Scientific MOOCs follower. Author of Airpocalypse, a techno-medical thriller (Out Summer 2017)

Welcome to the digital era of biology (and to this modest blog I started in early 2005).

To cure many diseases, like cancer or cystic fibrosis, we will need to target genes (mutations, for ex.), not organs! I am convinced that the future of replacement medicine (organ transplant) is genomics (the science of the human genome). In 10 years we will be replacing (modifying) genes; not organs!

Anticipating the $100 genome era and the P4™ medicine revolution. P4 Medicine (Predictive, Personalized, Preventive, & Participatory): Catalyzing a Revolution from Reactive to Proactive Medicine.

I am an early adopter of scientific MOOCs. I've earned myself four MIT digital diplomas: 7.00x, 7.28x1, 7.28.x2 and 7QBWx. Instructor of 7.00x: Eric Lander PhD.

Upcoming books: Airpocalypse, a medical thriller (action taking place in Beijing) 2017; Jesus CRISPR Superstar, a sci-fi -- French title: La Passion du CRISPR (2018).

I love Genomics. Would you rather donate your data, or... your vital organs? Imagine all the people sharing their data...

Audio files on this blog are Windows files ; if you have a Mac, you might want to use VLC ( to read them.

Concernant les fichiers son ou audio (audio files) sur ce blog : ce sont des fichiers Windows ; pour les lire sur Mac, il faut les ouvrir avec VLC (

"I know when the singularity will occur"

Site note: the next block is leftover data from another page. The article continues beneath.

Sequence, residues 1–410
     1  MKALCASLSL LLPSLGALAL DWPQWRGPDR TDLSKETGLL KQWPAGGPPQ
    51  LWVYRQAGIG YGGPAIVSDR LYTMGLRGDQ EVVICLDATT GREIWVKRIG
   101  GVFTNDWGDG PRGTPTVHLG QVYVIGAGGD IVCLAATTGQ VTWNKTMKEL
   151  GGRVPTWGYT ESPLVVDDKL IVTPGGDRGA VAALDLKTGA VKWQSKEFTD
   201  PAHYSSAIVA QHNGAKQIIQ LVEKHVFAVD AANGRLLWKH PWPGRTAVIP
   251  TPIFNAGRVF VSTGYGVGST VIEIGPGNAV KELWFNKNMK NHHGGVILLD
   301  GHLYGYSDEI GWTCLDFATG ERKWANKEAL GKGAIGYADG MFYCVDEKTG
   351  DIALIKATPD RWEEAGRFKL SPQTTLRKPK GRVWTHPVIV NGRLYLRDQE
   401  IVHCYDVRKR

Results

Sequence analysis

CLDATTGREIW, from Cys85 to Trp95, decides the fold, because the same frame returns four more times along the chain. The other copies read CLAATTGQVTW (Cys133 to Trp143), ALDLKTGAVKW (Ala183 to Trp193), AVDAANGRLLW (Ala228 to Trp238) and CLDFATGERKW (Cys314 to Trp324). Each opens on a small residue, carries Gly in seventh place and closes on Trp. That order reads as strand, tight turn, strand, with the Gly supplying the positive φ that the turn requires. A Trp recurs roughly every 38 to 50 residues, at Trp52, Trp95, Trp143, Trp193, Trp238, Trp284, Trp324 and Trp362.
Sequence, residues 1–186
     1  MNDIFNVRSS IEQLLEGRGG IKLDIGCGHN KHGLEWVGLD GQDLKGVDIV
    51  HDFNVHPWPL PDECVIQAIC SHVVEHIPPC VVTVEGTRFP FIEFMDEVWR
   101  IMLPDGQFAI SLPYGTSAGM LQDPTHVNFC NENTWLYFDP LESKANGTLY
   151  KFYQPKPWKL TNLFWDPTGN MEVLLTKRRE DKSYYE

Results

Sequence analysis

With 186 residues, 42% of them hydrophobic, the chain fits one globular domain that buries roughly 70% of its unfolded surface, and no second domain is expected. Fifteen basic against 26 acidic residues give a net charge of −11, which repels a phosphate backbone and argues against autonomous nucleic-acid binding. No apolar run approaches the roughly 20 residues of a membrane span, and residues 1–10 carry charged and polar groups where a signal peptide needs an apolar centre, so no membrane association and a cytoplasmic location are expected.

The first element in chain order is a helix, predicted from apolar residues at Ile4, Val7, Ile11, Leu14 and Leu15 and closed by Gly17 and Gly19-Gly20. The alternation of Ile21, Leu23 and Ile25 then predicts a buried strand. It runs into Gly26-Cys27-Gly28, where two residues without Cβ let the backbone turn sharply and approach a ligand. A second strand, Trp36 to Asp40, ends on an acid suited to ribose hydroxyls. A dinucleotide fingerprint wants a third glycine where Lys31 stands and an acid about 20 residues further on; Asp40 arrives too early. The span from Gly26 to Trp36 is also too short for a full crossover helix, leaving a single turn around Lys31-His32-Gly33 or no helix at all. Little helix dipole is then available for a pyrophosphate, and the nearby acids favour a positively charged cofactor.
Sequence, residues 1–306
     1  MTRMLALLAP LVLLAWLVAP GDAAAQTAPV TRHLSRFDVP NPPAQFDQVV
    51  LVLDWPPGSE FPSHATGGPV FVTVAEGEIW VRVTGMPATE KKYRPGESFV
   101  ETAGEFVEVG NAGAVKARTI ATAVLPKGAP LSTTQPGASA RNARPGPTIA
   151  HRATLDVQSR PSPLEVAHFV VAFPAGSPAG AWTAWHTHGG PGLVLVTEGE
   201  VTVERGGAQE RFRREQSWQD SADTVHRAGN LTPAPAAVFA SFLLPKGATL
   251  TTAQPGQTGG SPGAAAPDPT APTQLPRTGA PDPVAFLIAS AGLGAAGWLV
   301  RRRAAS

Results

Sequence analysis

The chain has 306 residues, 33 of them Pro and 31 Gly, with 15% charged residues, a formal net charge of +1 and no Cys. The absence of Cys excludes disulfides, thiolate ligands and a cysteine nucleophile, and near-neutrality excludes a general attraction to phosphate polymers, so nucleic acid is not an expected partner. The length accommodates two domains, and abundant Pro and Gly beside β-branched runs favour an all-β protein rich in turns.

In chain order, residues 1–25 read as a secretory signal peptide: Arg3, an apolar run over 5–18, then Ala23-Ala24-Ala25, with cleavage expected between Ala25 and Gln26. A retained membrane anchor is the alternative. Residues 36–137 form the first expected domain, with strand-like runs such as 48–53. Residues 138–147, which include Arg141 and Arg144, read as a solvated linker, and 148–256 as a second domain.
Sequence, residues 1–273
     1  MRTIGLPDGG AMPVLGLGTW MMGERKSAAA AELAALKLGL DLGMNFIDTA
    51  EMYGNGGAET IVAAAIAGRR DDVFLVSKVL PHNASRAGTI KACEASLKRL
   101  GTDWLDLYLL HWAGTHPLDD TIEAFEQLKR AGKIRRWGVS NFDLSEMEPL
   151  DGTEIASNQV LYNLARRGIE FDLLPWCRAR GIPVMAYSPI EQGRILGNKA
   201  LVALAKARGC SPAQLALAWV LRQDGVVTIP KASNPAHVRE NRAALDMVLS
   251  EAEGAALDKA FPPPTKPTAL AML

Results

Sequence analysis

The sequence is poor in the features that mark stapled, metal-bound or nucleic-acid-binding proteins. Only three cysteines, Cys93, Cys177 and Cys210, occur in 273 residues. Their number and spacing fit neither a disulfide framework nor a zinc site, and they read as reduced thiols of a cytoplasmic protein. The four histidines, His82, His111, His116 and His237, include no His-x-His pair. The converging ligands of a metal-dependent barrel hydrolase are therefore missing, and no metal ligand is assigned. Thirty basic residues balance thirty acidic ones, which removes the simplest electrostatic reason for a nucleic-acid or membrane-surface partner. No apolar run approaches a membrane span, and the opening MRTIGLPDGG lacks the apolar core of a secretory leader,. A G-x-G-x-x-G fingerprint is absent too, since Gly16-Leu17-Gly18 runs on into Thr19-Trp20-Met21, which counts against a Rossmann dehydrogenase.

"(...) [l]et's just admit this: The race to win the Singularity is over, and Google has won.

They have the world's greatest computational capacity, the most expertise in massively distributed processing, the greatest collection of minds interested in and capable of work on AI, the largest store of online data, the largest store of personal data, and the largest library of scanned, computer-readable books. That includes textbooks. Like, all of them.

All they have to do is subscribe to Springer-Verlag's online journals, and they'll have the entire collected knowledge of humanity in computer-readable format.

They almost certainly have the biggest research budget for natural language processing with which to interpret all those things.

They have two of the four smartest executives in Silicon Valley.

Their corporate strategy for the past 15 years can be approximated as 'Win the Singularity.'

If someone gave you a billion dollars today to begin your attempt, you'd still be 15 years and about two-hundred and ninety-nine billion dollars behind Google. If you believe in a circa-2030 Singularity, there isn't enough time left for anybody to catch up with them.

(And I'm okay with that, considering that the other contenders include Microsoft and the NSA. But it alarms me that Google hasn't gone into bioinformatics or neuroscience. Apparently their plans don't include humans.)"

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